Cold abscess of Sternum: Reports of two cases-embed
SANDESH MADI, SANDEEP VIJAYAN, MONAPPA NAIK, SHARATH RAO, ABMS Sternal bone affection by Mycobacterium tuberculosis is a rare entity. Clinical manifestations can vary widely. There are only a few isolated case reports of tubercular sternal osteomye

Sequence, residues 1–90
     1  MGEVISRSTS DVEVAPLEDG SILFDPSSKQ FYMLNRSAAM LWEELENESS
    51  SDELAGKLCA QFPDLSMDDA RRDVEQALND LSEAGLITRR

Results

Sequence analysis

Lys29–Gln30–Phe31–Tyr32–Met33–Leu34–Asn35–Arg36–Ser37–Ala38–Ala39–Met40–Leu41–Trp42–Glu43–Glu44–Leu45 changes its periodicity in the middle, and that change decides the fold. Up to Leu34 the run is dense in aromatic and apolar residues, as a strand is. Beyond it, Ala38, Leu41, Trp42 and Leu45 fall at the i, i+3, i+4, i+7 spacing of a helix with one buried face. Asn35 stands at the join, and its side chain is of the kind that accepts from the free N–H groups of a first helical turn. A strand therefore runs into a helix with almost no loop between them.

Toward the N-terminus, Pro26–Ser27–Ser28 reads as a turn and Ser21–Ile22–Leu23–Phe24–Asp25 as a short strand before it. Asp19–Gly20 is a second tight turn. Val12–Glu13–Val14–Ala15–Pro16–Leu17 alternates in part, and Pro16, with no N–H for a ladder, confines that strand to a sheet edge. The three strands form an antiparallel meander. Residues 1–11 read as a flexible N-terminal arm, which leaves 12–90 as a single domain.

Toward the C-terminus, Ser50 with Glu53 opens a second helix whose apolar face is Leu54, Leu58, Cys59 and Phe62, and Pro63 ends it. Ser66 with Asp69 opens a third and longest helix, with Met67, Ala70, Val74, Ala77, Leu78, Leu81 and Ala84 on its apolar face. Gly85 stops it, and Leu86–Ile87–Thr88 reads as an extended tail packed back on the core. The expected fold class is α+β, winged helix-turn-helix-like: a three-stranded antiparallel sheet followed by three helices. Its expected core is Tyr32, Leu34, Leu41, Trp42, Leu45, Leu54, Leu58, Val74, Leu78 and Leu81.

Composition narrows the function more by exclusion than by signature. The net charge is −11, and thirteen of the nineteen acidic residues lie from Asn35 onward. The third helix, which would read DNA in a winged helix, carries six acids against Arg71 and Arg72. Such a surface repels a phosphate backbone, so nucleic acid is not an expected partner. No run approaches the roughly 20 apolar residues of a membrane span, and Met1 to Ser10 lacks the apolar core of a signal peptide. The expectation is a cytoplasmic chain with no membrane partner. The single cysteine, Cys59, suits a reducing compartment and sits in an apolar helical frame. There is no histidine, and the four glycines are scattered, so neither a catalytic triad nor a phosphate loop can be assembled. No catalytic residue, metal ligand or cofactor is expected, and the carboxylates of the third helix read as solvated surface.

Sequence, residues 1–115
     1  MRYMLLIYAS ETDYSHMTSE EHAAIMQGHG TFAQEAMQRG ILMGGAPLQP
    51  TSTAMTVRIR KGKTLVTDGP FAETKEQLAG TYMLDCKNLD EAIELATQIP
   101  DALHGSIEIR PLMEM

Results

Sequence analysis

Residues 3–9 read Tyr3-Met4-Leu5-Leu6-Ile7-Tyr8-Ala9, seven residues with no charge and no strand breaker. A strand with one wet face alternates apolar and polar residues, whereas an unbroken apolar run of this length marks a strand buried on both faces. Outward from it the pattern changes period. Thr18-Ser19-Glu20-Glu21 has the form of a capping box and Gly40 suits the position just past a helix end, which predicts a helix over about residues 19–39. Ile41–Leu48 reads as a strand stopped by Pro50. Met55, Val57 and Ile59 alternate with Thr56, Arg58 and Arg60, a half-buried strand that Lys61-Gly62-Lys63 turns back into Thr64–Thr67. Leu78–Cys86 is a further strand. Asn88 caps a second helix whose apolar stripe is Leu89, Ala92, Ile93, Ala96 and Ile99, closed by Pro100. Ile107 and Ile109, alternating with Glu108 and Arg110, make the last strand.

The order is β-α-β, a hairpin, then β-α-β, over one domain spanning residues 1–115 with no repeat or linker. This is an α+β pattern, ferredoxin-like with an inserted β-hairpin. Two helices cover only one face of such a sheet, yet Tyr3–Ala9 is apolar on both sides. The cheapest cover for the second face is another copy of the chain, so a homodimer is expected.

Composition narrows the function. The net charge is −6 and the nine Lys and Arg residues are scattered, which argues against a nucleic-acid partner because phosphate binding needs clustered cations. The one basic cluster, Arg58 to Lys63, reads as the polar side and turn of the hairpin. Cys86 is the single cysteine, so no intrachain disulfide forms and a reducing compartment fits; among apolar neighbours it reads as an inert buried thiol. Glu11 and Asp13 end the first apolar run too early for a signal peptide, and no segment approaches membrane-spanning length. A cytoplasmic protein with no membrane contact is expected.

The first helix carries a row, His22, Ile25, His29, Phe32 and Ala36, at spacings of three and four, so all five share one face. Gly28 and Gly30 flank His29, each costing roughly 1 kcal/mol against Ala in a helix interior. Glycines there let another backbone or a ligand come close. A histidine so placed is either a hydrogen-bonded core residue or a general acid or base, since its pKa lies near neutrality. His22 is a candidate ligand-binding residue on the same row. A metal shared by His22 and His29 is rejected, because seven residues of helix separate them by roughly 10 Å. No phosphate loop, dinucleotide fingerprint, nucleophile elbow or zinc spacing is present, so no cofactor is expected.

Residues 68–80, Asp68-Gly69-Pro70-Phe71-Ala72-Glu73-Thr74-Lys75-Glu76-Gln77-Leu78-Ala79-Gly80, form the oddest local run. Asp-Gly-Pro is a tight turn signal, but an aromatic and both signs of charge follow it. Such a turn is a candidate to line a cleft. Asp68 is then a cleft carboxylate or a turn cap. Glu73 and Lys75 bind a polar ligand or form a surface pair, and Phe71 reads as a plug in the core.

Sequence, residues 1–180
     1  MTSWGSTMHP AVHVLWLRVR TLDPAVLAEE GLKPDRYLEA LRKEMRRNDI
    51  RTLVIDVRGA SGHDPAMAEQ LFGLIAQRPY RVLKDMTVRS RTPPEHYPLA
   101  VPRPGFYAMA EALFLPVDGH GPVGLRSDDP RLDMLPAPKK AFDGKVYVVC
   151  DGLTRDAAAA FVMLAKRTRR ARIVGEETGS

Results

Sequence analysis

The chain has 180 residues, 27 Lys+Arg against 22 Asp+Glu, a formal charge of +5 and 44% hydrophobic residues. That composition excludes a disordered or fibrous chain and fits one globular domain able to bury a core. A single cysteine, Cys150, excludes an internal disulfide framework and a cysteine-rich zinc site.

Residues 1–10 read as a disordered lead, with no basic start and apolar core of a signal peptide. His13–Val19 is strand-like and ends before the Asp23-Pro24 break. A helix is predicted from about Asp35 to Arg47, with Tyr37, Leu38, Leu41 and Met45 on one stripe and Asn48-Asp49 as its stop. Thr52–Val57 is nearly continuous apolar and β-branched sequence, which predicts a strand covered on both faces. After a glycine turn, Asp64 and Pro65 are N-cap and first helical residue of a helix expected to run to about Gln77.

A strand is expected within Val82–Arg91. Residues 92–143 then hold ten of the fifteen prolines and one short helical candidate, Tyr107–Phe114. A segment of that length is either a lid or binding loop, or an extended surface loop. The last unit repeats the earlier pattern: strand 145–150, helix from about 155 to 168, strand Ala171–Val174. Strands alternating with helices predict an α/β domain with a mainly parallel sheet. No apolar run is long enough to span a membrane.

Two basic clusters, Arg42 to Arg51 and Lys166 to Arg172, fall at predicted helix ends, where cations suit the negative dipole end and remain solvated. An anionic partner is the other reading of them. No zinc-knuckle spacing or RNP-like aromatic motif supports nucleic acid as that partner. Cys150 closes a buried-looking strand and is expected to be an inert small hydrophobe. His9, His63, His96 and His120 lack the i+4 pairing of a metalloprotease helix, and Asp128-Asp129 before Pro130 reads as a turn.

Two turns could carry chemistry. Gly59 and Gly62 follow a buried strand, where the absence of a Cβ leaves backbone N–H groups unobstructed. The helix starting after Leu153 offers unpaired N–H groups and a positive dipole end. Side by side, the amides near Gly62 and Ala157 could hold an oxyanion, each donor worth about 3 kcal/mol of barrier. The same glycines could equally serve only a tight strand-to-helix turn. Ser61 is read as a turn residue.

7|P age Cold abscess of Sternum: Reports of two cases Email: firstname.lastname@example.org SANDESH MADI , SANDEEP NAIK , SHARATH RAO 1 1 VIJAYAN , 1 MONAPPA 1 Department of Orthopaedics, Kasturba Medical college, Manipal Univer- 1 ABSTRACT sity, Manipal, Karnataka, India Received 16 April 2015 Accepted 22 May 2015 Introduction Sternal involvement is seen in less than 1% of skeletal tuberculosis. Sternal TB was first reported in 1918  and until 2007, fewer than 35 cases are documented in English literature . Even in tubercular endemic belts, there are only limited and isolated case reports . We report two Sternal bone affection by Mycobacterium tuberculosis is a rare entity. Clinical manifestations can vary widely. There are only a few isolated case reports of tubercular sternal osteomyelitis in both endemic belts and otherwise. We report tubercular abscess of sternum in apparently two healthy young individuals with no predisposing factors, who presented to us with chief complains of chronic anterior chest pain. Diagnosis was confirmed by histo-pathological and microbiological work-up. Combined surgical drainage and anti-tubercular drugs gave satisfactory outcomes. A high index of suspicion for tuberculosis is necessary whenever unusual sites are encountered in order to facilitate early diagnosis and prompt management. cases of tubercular abscess of sternum in otherwise healthy individuals. Both cases were diagnosed relatively KEY WORDS: early in the course of the disease and responded well to a combined medical and surgical treatment with no recurrence or complications at one year follow up. Tuberculosis Cold abscess Sternum Chest pain Drainage Case 1 Case 2 A 22 year old student was referred to the Orthopedics de- A 31 year old architect presented to OPD with chief com- partment with history of dull aching and left sided anterior plains of vague anterior wall chest pain of four months chest wall pain of six months duration. She had apparently duration. Patient also noticed a localized bulge over the consulted a general practitioner for this complaint, but the medial aspect of right clavicle for past one month. There diagnosis was elusive, as the chest X-ray was apparently was no history of trauma or constitutional symptoms. On normal and clinical picture did not fit into any medical or local examination, a solitary, ~5x6cms, firm swelling over gastroenterological disorder. There was no history of the manubrium sterni with moderate tenderness was not- trauma or constitutional symptoms. There was a ~3x2cm, ed. The chest x- ray was apparently normal and the rest of firm, non-transilluminant swelling with mild tenderness systemic examination was also normal. CT of thorax re- arising from the body of the sternum. There was no re- vealed gional lymphadenopathy and systemic examination was 5.1x1.9x8.5cms suggestive of an abscess overlying the normal. CT thorax revealed irregular lytic destruction of manubrium sterni and an ill-defined osteolytic lesion with rd a multi-loculated collection measuring sternal body at level of 3 costochondral junction with an sclerosis of superior half of manubrium sternum com- ill-defined abscess measuring 3.3x2.2x2.2cm (Figure 1). municating with the collection (Figure 2). Clinical and radiological diagnosis favored the possibility Correspondence to: Dr Sandesh Madi ANNALS OF BRITISH MEDICAL SCIENCES. 2015; 1(1): 7-9 of cold abscess in both scenarios and a formal incision and 8|P age drainage was performed. The purulent material and ne- Figure 2. CT sagittal view of case 2 showing involvement crotic tissue samples were sent for histopathological and of manubrium sterni and cold abscess tracking to subcuta- microbiological analysis which confirmed the tubercular neous plane pathology. The investigational work up of the two cases is compared in Table 1. Both patients were started on antitubercular regimen [four drugs for two months followed by two drugs for 10 months daily]. Patients recovered completely at the end of 12 months of a close follow-up with no recurrence or complications. Table 1: A Comparison of investigational work up of the two cases. INVESTIGATIONS CASE 1 CASE 2 Hb TLC DLC 12.0 g/dl 6.4x103 /µL Lymphocytes15.7% Neutrophils71.6% 11.2 g/dl 8.7x103 /µL Lymphocytes19.7% Neutrophils-68.2% ESR 44 mm/hour 63 mm/hour the primary pulmonary foci or direct contiguous spread CRP 3.0 mg/L 70.3 mg/L from the hilar lymph nodes. Typically, in the event of HIV 1&2 RBS AFB (pus) PCR (nested) Biopsy Negative 88 mg/dl Not seen Positive Granuloma Negative 96 mg/dl Scanty growth Positive Granuloma immunosuppressive states such as HIV/AIDS, diabetes, Discussion Tubercular affection of the sternum is known to occur in less than 1% of all skeletal tuberculosis . Mechanism of involvement is either lympho-hematogenous spread from Hb- Hemoglobin; TLC- Total Leucocyte Count; DLC- Differential Leucocyte Count; ESR- Erythrocyte Sedimentation Rate; CRP- C-Reactive Protein; AFB- Acid Fast Bacilli; PCR- Polymerase Chain Reaction. chronic kidney disease, corticosteroid/chemotherapy use, alcohol abuse, severe malnutrition and low socioeconomic levels, a dormant infection gets reactivated and disseminates resulting in osteoarticular involvement. Sternal TB has also been reported in two exceptional conditions: after sternotomy for cardiac surgeries  and fol- Figure 1. CT scan sagittal view of case 1 showing involvement of body of sternum and presence of sequestrum. lowing BCG vaccination in infants . Clinically, patient can present with anterior chest wall swelling, pre/retrosternal dull aching pain or in long standing cases, indolent ulcers/discharging sinuses over anterior chest wall and sternal fracture. Presence of constitutional symptoms can be variable. Differential diagnosis includes numerous diverse disorders such as granulomatous diseases (sarcoidosis), chronic infections (fungal/parasitic) and various malignancies (lymphomas and metastasis). Serological markers of inflammation like ESR, CRP and TLC are neither specific nor entirely reliable . In the chest x-ray (PA and lateral views), it is difficult to appreciate the sternal affection. Moreover, radiological signs occur much later than the presenting clinical features, and abscesses or sinuses are present much before the focus is detected . CT scans define the extent of bone destruction, while MRI is useful to determine soft tissue exten- ANNALS OF BRITISH MEDICAL SCIENCES. 2015; 1(1): 7-9 9|P age sion. However, neither can confirm the diagnosis and only Conclusion biopsy is the gold standard. It is possible to ascertain the Tubercular abscess of sternum is a rare clinical entity but diagnosis by fine needle aspiration cytology or marginal can be detected early owing to its superficial location. biopsy from an established sinus tract. Under the micro- Anterior chest pain and swelling are early manifestations, scope, extensive areas of caseous necrosis surrounded by which unless appropriately evaluated can lead to serious lymphocytes and epitheloid cells are typically observed. complications which are difficult to manage. Exclusion of PCR for M. tuberculosis complex is a rapid test that tuberculosis should not be prejudiced based upon age, sex shows good correlation with histological findings, with an or immunity status. Long term medical management is the 85% sensitivity and 80% specificity . The surgical role mainstay of treatment supplemented with surgical drain- in sternal TB encompasses the drainage of abscess, se- age of the abscess. A periodic follow-up is warranted to questrectomy, sinus tract excision and flap reconstruction monitor the response to treatment and look out for com- for sternal defects besides an open biopsy. A structured plications. Informed consent from both patients has been regimen comprising of four drugs [Isoniazid (300mg), obtained for publication. Rifampicin (450mg), Pyrazinamide (750mg) and Ethambutol (800mg)] is the mainstay of treatment. It is usually Conflict of Interest initiated with all four drugs daily for two months in the We declare that we have no conflict of interest. intensive phase followed by a maintenance phase with Isoniazid and Rifampicin daily for 10-18 months. However, there is no consensus in terms of drug combinations as References 1 well as duration of the regime especially in osteo-articular TB even in endemic belts. Generally, combined clinical 2 and radiological signs of improvements are taken into consideration to decide about termination of the regimen. 3 Clinical signs of improvement include weight gain, decrease in pain and swelling, and healing of sinuses. Radio- 4 logical signs of healing, however, usually lag behind clinical improvement by several weeks and are all the more difficult to appreciate in the sternum. Possible complica- 5 tions of sternal tuberculosis include secondary infection, fistula formation, spontaneous fractures of the sternum, compression or erosion of the large blood vessels, com- 6 pression of the trachea and migration of tubercular abscess into the mediastinum, pleural cavity or subcutaneous tis- 7 sues . A close follow up is also essential to monitor response to treatment, patients’ compliance, drug resistance and adverse side effects. ANNALS OF BRITISH MEDICAL SCIENCES. 2015; 1(1): 7-9 8 Vaughn RT. Acute osteomyelitis of the sternum: woody phlegmon: osteotomy and drainage. Surg Clin North Am 1918; 5: 253-262. Jain VK, Singh Y, Shukla A, Mittal D. Tuberculous osteomyelitis of sternum: a case report. J Clin Diagn Res 2007; 1: 163-7. Tuli SM, Sinha GP. Skeletal tuberculosis. "Unusual" lesions. Indian J Orthop 1969; 3: 5-18. Kim HJ, Kim JB, Chung CH. Chronic Sternum Wound Infection Caused by Mycobacterium tuberculosis After Cardiac Surgery. Ann Thorac Surg, 2012; 94(4): 1332-1335. Kato Y, Horikawa Y, Nishimura Y, Shimoda H, Shigeto E, Ueda K.. Sternal tuberculosis in a 9‐month‐old infant after BCG vaccination. Acta Paediatrica 2000; 89(12): 1495-1497. Vasa M, Ohikhuare C, Brickner L. Primary sternal tuberculosis osteomyelitis: A case report and discussion. Can J Infect Dis Med Microbiol. 2009; 20(4): 181. Watts HG, Angrles L, Lifesto RM. Current concepts review: tuberculosis of bones and joints. J Bone Joint Surg Am. 1996; 78:288–298. Sharma S, Juneja M, Garg A. Primary tubercular osteomyelitis of the sternum. Indian J Pediatr. 2005; 72(8):709-10.